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Multicam Tropic Uniform


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#1 TTIME

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Posted 19 August 2014 - 09:20 PM

I have been eyeballing the Truspec uniform in Multicam tropic. does any one have any experience with the TRU? is it the same as an ACU? 



#2 Psybain

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Posted 20 August 2014 - 12:37 AM

No experience with it, but my assumption would be no. Everything I've seen says it's based off the ACU,  which to me would mean there are some differences between the design, no matter how minor. It might be close enough for gov't work in most cases, however.


Edited by Psybain, 20 August 2014 - 12:40 AM.

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#3 Psybain

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Posted 20 August 2014 - 12:45 AM

Taken from http://www.hendonpub...details?id=2719. Red font added by me for emphasis.

 

 

 

Tru-Spec TRU 
The Tru-Spec TRU Tactical Response Uniform is based on the ACU but differs slightly from, and improves upon, the ACU. In developing the TRU, Tru-Spec looked at the issues that have arisen with the official-issue ACU. The designers also solicited input for improvements from several tactical officers around the country, including members of the Department of Homeland Security’s ICE SRT team in San Diego. The ICE SRT in San Diego also helped test the prototypes of the TRU. The ICE SRT team was the first tactical team to adopt the TRU when the final version went into production in 2006. Both shirt and trousers exceed the MIL-SPEC for the ACU (MIL-44436)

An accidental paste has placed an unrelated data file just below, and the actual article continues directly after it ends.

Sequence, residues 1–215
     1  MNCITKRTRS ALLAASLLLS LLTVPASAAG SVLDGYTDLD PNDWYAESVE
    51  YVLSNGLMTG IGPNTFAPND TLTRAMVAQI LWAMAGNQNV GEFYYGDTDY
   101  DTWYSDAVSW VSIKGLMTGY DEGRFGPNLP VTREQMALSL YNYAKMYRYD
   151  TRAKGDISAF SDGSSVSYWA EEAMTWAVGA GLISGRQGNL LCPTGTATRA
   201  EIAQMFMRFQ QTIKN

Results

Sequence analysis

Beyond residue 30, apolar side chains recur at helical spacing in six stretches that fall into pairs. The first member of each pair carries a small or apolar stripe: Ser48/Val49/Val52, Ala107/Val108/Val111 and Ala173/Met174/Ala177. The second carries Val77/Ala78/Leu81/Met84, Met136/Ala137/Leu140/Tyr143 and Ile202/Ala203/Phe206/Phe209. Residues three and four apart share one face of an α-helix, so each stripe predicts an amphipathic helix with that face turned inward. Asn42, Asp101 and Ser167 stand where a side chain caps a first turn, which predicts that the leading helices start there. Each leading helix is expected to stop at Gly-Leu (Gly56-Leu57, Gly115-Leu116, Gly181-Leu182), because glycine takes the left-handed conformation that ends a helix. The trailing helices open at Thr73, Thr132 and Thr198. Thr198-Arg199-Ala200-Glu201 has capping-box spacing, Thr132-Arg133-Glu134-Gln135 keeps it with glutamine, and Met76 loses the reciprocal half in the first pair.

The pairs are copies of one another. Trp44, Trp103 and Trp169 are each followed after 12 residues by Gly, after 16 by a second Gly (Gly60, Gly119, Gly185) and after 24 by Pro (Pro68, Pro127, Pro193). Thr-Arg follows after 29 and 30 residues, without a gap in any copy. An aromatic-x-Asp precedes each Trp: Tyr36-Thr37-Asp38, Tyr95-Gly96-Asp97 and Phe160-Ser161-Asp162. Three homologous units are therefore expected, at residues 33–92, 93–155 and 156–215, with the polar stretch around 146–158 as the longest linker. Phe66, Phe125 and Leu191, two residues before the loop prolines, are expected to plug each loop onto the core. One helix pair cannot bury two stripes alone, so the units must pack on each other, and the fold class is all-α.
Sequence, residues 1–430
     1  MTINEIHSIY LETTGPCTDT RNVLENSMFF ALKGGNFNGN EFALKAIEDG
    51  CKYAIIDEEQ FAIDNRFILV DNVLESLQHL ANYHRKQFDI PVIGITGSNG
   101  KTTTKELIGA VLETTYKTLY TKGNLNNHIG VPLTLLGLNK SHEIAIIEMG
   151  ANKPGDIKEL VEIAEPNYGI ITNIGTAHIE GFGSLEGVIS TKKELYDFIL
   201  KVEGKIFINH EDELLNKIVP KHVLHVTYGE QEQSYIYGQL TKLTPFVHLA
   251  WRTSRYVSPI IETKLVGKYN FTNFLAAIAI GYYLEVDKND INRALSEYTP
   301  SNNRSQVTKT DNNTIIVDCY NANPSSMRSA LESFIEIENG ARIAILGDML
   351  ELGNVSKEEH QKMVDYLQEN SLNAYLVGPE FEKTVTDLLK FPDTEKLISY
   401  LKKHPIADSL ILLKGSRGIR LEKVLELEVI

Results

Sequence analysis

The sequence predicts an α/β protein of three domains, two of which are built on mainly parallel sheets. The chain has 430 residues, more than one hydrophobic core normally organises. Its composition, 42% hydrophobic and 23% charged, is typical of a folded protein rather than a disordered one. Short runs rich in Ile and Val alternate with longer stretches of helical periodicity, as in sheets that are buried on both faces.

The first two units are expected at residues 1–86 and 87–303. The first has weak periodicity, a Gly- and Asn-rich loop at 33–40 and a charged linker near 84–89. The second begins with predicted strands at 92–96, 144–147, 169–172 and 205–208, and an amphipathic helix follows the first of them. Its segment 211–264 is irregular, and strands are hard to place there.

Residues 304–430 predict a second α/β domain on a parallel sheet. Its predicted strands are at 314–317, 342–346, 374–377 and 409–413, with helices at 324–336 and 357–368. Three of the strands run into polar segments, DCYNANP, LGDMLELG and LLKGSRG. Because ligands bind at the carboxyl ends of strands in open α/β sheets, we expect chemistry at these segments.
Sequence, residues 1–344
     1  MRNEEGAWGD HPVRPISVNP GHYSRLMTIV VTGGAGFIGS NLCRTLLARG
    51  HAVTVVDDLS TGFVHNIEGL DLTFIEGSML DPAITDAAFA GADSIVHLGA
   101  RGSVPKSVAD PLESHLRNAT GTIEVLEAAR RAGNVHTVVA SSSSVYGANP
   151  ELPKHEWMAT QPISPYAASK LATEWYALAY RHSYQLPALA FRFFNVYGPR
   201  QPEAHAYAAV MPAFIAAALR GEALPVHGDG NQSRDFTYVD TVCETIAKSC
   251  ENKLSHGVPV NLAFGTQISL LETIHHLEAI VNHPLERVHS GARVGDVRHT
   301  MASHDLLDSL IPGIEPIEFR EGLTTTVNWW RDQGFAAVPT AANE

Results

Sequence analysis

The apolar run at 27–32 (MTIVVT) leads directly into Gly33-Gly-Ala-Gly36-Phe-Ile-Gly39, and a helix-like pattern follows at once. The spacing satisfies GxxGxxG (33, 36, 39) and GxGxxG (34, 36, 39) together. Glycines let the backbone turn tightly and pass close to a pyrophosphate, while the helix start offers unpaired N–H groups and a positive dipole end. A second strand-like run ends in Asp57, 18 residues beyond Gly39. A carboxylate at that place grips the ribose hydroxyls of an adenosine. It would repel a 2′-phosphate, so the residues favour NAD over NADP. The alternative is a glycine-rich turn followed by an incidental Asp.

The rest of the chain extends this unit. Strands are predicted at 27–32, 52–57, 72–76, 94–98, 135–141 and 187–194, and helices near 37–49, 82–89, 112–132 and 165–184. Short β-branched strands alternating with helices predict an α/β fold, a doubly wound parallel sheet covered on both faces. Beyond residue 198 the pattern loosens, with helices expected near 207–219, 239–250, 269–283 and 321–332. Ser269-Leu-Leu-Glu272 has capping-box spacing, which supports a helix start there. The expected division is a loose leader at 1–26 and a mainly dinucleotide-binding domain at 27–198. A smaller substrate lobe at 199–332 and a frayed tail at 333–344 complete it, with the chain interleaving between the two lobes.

The TRU incorporates proprietary improvements that are aimed at functionality, durability and comfort in the field. Tru-Spec has more than succeeded in its aims. The TRU is everything that the ACU should be and more. The design improvements incorporated in new TRU include zigzag stitching on the hook-and-loop of both the sleeve cuffs and the mandarin collar, extra deep front trouser pockets, double reinforced front trouser pocket openings to protect the pocket from wear and tear caused by the clip-on pocket knives, all hook-and-loop fastenings are secured with new YKK PowerHook® and hidden 5” x 5” pockets in each side of the trouser cargo pockets

The YKK PowerHook hook-and-loop material used on the TRU appears to be very secure. It’s a substantial improvement over the hook and loop used on the ACU. With the YKK PowerHook, I don’t have to worry about the material failing or pockets accidentally opening, which can be an issue with the original ACU hook and loop, especially on the calf pockets.